KMCO Chemical Plant Ordered to Suspend All Operations Following Deadly Crosby, Texas Explosion
A court has ordered KMCO to temporarily stop all operations at its Crosby, Texas, chemical plant, following a catastrophic explosion that tragically killed one worker and critically injured two others last Tuesday.
The facility will not reopen until inspectors from the Harris County Fire Marshal’s Office determine it’s safe.
KMCO Plant Fire Burned Over 5 Hours
Workers had already begun to evacuate the KMCO plant on April 2nd, when a transfer line ignited a tank filled with highly-flammable isobutylene shortly before 11:00 a.m.
The explosion triggered a massive fire that would continue to burn for more than five hours. In the meantime, officials ordered nearby residents and schools to shelter-in-place.
A KMCO employee lost his life in the blast. Media reports indicate the 27-year-old Daiesetta man died while attempting to prevent the disaster.
Helicopters transferred two workers to Texas Medical Center, where they are receiving treatment for burns and other critical injuries.
No Timeline for Opening KMCO’s Crosby Chemical Plant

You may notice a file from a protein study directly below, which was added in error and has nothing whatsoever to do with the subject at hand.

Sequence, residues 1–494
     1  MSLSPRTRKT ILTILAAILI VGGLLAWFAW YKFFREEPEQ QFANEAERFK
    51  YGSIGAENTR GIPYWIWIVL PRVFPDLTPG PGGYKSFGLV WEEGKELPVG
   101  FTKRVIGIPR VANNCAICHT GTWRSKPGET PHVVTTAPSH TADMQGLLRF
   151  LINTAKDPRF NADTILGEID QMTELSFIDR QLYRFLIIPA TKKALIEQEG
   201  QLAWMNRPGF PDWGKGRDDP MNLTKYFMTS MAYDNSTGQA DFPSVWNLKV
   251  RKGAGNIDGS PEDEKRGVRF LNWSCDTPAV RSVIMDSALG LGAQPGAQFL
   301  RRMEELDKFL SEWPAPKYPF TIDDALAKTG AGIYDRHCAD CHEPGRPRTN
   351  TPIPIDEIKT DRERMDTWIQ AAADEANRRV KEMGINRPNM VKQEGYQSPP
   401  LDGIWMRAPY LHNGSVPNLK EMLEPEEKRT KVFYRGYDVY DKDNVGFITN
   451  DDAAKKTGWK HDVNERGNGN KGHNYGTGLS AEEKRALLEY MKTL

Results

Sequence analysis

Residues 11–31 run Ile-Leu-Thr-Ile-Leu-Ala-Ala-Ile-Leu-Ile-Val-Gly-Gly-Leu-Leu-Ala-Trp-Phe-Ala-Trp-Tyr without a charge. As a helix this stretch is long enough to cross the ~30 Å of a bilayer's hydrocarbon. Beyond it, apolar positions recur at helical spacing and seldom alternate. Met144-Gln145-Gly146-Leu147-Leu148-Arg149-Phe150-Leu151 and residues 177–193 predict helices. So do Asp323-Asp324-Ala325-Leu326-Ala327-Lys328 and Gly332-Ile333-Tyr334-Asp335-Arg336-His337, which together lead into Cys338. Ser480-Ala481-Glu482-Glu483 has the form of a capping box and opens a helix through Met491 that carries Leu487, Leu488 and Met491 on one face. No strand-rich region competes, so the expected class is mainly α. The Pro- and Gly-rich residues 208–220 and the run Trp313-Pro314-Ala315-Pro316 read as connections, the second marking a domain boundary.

KMCO suspended operations at the Crosby, Texas chemical plant last Friday, after the Harris County Fire Marshall and Harris County Attorneys Office were granted a temporary restraining order against the facility.
The KMCO plant must remain closed until the Fire Marshal’s Office completes a Fire and Life Safety Inspection. It’ not clear, however, when that will take place. Dangerous conditions have so far prevented investigators from the U.S. Chemical Safety Board and other state and federal agencies from entering the site.
Locked Gate Slowed KMCO Plant Evacuation
There’s still no word on what might have caused last Tuesday’s tragedy in Crosby, Texas.
KMCO officials apparently became aware of an isobutylene leak and ordered the evacuation just moments before the explosion. Several workers, however, said a locked gate slowed their escape.
“We had to crawl underneath the gate because the gate was locked at the time, so just run,” one man said. “We were still in the actual plant when it blew up.”
The KMCO plant explosion was the third serious industrial incident in the Houston Metro Region in less than three weeks
Only 16 days earlier, a massive tank fire erupted at the ITC Deer Park petrochemical plant just 15 miles from Crosby. Hundreds reportedly suffered sore throats, nose-bleeds and other symptoms likely related to toxic chemicals released during the days-long blaze.
Fortunately, no one was injured the previous day, when a fire broke out at ExxonMobil’s Baytown refinery.
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